"The doctor of the future will give no medicine, but will interest his patients in the care of the human frame, in diet and in the cause and prevention of disease."
This article is written by Shelley
Co-founder, National Directory of Acupuncture Treatment Specialists
Acupuncture, which dates as far back as the first millennium B.C., has been championed by practitioners, doctors, and patients as an effective vehicle for achieving balanced health.
Acupuncture uses thin needles that are inserted just under the skin and left in place for about a half-hour. According to Chinese medicine theory, acupuncture helps restore balance and a healthy energy flow within the body.
Although scientists don't fully understand how or why acupuncture works, some studies indicate that it may provide a number of medical benefits including the reduction of chemotherapy-induced nausea and vomiting.
Chemotherapy is a treatment for cancers that involves administering chemicals into the body that are found toxic to malignant cells. Chemotherapy, often successful in treating malignant cancer cells, often produces intense side effects in the body.
According to a review published in the Journal of Clinical Oncology, certain types of acupuncture-point stimulation may relieve chemotherapy-induced nausea or vomiting.
Despite significant progress over the past decade in controlling chemotherapy-induced nausea and vomiting, more than half of all patients receiving chemotherapy still suffer from these side effects. Furthermore, nausea may persist when vomiting is controlled. These symptoms can be severely debilitating and often lead patients to refuse further courses of chemotherapy. Refusing chemotherapy can minimize the chance for optimal health outcome.
The acupuncture point thought to be associated with relief of nausea is P6, which is located on the wrist. This point can be stimulated through a variety of methods, including manual acupuncture (insertion of needles), electro-acupuncture (passing electric current through the inserted needle), noninvasive electro-stimulation (application of electric current without a needle), or acupressure (pressure applied by the fingers or an elastic wristband).
Patients receiving high-dose chemotherapy found that electro-acupuncture treatments combined with anti-nausea medication were more effective than medication alone in controlling their chemo-related vomiting, according to a study reported in the Dec. 6 issue of The Journal of the American Medical Association.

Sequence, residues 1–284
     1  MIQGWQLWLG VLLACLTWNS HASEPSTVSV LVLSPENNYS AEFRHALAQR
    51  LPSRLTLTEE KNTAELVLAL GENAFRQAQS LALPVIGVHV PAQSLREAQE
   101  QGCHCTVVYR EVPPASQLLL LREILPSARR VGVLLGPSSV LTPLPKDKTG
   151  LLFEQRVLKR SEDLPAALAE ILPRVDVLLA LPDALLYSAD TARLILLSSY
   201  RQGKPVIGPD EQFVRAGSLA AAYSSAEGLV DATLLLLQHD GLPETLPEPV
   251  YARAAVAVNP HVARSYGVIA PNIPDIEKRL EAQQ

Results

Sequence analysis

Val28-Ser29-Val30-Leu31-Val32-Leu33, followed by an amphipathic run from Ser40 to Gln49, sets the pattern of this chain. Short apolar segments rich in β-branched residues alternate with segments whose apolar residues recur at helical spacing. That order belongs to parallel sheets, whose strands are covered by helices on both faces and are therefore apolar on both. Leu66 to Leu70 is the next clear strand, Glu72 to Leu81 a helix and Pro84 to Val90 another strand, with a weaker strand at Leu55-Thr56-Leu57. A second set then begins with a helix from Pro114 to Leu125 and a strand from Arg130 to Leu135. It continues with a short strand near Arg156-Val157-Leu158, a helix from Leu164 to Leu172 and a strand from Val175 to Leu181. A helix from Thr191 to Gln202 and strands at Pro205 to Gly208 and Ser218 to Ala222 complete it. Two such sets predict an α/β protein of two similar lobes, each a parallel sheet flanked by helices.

According to cancer experts, the study adds to the evidence that non-traditional therapies can be helpful to patients suffering from side effects of chemotherapy. An increasing number of well-designed studies are focusing on complementary and alternative therapies.
Additional support for acupuncture to assist in alleviating the side effects of chemotherapy was offered at the San Antonio Breast Cancer Symposium, in December of 2000.
One hundred and four women who were undergoing high-dose chemotherapy prior to having bone marrow transplants received anti-nausea drugs. In addition, each woman received either electro-acupuncture once a day for five days, "minimal needling" with no electrical stimulation once a day for five days, or no additional therapy.
The women who received electro-acupuncture experienced significantly less nausea and vomiting than the women who didn't receive any needling, or who had only acupuncture. The women who received acupuncture without electrical stimulation also had less nausea and vomiting than the women who received no acupuncture.
The San Antonio Breast Cancer Symposium offered the following 'take home message': Acupuncture may help curb nausea, one of the most feared and debilitating side effects of high-dose chemotherapy. It may provide additional relief of nausea beyond what medication alone can achieve.
David Rosenthal, MD, Chair of the American Cancer Society's (ACS) national advisory committee on complementary and alternative medicine, agrees that more research is merited. "The effects of this treatment might vary between different chemotherapy patient populations," he says. "You would also like to know if the benefit is enough, not only in efficacy but in efficiency."
"Still," he says, "Patients are finding that acupuncture can sometimes be effective in dealing with pain, nausea, and treatment of mucositis (ulcerations in the mouth)." Acupuncture treatment is being provided at many cancer centers, including the Dana-Farber Cancer Institute in Boston, where Rosenthal is in charge of integrative therapies. "We began offering acupuncture a month ago and the appointments are already filled." Rosenthal says.
Ezzo J, Vickers A, Richardson MA et al. Acupuncture-point stimulation for chemotherapy-induced nausea and vomiting. Journal of Clinical Oncology . 2005;23:7188-7198.
Milburn Jessup; Andrew Stewart; Frederick L. Greene; Bruce D. Minsky. Adjuvant Chemotherapy for Stage III Colon Cancer: Implications of Race/Ethnicity, Age, and Differentiation. The Journal of The American Medical Association 2005;294:2703-2711.
San Antoni Breast Cancer Symposium. Acupuncture to control Nausea from Chemotherapy. BreastCancer.org December 2000.
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